From The Wall Street Journal

The battle for control over bankrupt Mexican oil-drilling company Oro Negro turned ugly over the weekend, as attorneys for the company’s creditors, escorted by Mexican federal police officers, flew in helicopters to Oro Negro’s five drilling rigs in the Gulf of Mexico and attempted to seize control of them, setting up a tense standoff that continued Monday.

On Friday, a criminal court judge in Mexico City ruled the rigs must be handed over to the bondholders.

Mexico City prosecutors have been investigating Oro Negro, an embattled oil-services firm led Gonzalo Gil, the son of Mexico’s former finance minister, for fraud, according to disclosures Oro Negro made in a New York bankruptcy court last week.

Ricardo Contreras, a lawyer representing the creditors group, on Sunday flew out over the shallow waters of the Gulf of Mexico with the police officers, attempting to enforce the judge’s order. He managed to land on just one of the drilling platforms, known as Decus, after workers placed obstacles on the heliports of the others, according to videos of the incident and both sides’ accounts.

“A criminal judge ordered restitution of the rigs and ordered federal authorities to assist in those orders. It’s that simple,” said Paul Leand, a New York investor who heads the ad hoc committee of Oro Negro bondholders, an oversight body. “At the end of the day, we have no interest in holding on to these rigs. What we’re interested in is protecting and securing our collateral.”

The dust-up is just the latest chapter in a yearslong fight between Oro Negro, its creditors and Petróleos Mexicanos, or Pemex, Mexico’s massive state oil company, but illustrates how the 2014 collapse in oil prices continues to reverberate even today for some investors.

On the eve of Mexico’s historic oil reform, which was signed into law in 2013, Oro Negro raised nearly $1 billion in debt and hundreds of millions in equities, leased five drilling rigs from Singapore, and rushed to join a handful of oil-services companies offering to lease maritime oil platforms known as jackup rigs to Pemex to help the oil giant increase crude oil production.

But the collapse in crude prices prompted Pemex to pull back, slashing the day rates it paid to contractors. Soon, Oro Negro couldn’t make debt payments and filed for bankruptcy protection in Mexico last year.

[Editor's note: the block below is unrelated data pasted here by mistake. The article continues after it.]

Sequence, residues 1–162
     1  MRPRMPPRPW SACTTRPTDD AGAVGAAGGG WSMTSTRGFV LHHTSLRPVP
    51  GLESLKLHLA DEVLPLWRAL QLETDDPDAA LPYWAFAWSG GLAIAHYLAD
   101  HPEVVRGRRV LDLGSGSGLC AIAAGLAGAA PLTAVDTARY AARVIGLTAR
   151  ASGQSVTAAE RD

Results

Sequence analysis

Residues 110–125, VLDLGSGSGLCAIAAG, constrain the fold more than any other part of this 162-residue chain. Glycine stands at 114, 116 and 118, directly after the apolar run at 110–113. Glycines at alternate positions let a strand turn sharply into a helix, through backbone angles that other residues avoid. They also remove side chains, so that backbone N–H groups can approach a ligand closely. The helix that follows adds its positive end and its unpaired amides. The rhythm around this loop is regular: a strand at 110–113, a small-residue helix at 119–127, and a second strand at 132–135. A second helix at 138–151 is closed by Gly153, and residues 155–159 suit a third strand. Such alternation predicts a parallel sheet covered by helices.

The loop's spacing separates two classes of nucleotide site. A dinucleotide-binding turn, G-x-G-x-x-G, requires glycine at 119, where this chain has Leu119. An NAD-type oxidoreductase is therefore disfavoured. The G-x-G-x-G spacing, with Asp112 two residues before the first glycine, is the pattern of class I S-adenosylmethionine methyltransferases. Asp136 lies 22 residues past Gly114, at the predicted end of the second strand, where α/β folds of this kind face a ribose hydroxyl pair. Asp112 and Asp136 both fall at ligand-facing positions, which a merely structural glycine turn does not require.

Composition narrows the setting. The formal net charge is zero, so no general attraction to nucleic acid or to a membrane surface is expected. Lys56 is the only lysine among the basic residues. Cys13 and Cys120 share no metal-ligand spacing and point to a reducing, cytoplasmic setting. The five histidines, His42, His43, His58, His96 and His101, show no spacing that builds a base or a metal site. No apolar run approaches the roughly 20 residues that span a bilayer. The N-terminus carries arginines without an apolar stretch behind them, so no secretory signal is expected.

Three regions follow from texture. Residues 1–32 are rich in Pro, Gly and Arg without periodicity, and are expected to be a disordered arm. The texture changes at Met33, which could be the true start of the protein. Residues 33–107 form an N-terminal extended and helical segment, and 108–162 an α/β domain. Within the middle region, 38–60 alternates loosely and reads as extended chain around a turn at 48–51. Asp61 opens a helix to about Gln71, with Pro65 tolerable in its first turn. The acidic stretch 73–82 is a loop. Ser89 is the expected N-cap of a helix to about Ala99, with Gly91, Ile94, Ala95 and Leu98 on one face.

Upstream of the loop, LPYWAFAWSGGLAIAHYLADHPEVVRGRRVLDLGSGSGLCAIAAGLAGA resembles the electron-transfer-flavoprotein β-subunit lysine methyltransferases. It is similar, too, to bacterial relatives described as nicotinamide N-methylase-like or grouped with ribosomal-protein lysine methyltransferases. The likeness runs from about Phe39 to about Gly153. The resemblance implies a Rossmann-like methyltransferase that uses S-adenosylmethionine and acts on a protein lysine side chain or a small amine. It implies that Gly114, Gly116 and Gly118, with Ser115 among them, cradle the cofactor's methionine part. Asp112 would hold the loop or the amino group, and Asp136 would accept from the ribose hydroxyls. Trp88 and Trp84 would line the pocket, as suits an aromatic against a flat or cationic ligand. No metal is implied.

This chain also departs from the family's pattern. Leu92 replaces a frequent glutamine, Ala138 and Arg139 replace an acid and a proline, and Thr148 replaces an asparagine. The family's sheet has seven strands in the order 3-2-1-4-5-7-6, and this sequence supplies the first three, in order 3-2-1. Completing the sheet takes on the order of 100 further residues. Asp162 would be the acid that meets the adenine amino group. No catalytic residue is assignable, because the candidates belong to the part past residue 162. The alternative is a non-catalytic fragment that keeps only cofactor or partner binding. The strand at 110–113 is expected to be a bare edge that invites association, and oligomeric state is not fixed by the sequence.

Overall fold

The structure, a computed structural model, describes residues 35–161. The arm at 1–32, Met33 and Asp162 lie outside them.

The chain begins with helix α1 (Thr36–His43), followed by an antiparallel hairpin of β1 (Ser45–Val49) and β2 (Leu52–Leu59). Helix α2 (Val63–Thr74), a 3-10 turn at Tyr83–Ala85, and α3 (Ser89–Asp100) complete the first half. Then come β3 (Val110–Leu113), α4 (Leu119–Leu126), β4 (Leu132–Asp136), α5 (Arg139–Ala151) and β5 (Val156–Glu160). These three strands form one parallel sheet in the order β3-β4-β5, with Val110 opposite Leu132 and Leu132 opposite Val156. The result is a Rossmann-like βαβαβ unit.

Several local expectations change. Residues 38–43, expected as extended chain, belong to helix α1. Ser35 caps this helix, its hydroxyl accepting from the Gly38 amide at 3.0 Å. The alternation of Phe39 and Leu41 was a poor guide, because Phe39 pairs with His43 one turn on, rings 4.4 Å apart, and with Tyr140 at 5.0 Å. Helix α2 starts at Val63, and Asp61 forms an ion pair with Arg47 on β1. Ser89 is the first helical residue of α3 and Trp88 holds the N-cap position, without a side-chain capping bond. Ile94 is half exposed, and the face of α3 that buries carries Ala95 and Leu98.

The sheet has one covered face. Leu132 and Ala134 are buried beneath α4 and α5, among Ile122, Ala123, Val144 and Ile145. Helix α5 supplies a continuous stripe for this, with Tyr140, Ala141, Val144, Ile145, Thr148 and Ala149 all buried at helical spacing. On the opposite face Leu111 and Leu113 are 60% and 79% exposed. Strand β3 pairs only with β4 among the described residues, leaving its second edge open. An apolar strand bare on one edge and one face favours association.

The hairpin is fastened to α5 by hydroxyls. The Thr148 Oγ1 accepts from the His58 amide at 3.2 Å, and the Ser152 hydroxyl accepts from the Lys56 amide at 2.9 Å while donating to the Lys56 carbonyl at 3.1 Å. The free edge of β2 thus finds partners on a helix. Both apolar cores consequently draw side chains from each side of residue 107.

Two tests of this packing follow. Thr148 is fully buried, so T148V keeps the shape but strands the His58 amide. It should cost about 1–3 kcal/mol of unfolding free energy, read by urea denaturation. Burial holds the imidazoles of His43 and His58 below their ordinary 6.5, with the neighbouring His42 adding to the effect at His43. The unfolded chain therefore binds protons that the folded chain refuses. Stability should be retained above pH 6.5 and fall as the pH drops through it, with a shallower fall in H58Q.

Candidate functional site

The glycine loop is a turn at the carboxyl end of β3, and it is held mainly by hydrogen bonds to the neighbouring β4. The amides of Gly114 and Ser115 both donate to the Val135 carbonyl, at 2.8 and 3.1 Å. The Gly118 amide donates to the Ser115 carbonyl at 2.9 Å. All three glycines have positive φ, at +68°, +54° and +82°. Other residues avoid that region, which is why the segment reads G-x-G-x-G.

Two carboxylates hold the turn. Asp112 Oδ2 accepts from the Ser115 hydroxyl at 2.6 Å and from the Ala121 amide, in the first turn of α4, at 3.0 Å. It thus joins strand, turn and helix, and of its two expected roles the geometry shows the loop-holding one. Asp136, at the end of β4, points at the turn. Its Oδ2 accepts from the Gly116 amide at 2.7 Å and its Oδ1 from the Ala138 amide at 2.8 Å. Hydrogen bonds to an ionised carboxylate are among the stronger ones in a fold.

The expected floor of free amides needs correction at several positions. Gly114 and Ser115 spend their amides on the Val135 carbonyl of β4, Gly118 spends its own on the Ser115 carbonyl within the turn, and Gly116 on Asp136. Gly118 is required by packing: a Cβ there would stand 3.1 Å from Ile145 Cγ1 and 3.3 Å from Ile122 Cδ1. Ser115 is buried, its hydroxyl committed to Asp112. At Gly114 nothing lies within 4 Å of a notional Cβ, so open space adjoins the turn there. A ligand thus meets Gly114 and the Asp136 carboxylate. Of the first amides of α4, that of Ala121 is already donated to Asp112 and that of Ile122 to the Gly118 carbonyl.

As the situation began to sour, all three parties began exchanging legal broadsides. This year, Oro Negro filed a complaint under the North American Free Trade Agreement, alleging Pemex colluded with bondholders to put the driller out of business and hand over its assets to a competitor that had received preferential treatment through the downturn. Pemex and the bondholders deny any wrongdoing.

“The oil-field services sector has taken a major beating over the course of the downturn in prices, and specifically the offshore market has had a tough time,” said Pablo Medina, an Houston-based analyst with research firm Welligence Energy Analytics. “A lot of the investments in that space were very ill-timed. Pemex’s reduction of its drilling activities took a lot of companies like Oro Negro by surprise.”

Oro Negro sought and won chapter 15 bankruptcy protection in the U.S. in April, defeating an objection from bondholders. Chapter 15 acts much like chapter 11, halting lawsuits and blocking creditors from seizing assets governed by U.S. law.

On Monday, Oro Negro filed a lawsuit asking Judge Shelley Chapman, the New York bankruptcy judge overseeing the Oro Negro case, for a cease-and-desist order preventing bondholders from taking over or otherwise interfering with the rigs. The lawsuit also is seeking payment for damages.

What happens next is unclear. As of Monday afternoon, Mr. Contreras, the lawyer for the bondholders, as well another individual, remained on the Decus oil rig, without contact with the company, and additional helicopters have been blocked from landing, according to the bondholder group.


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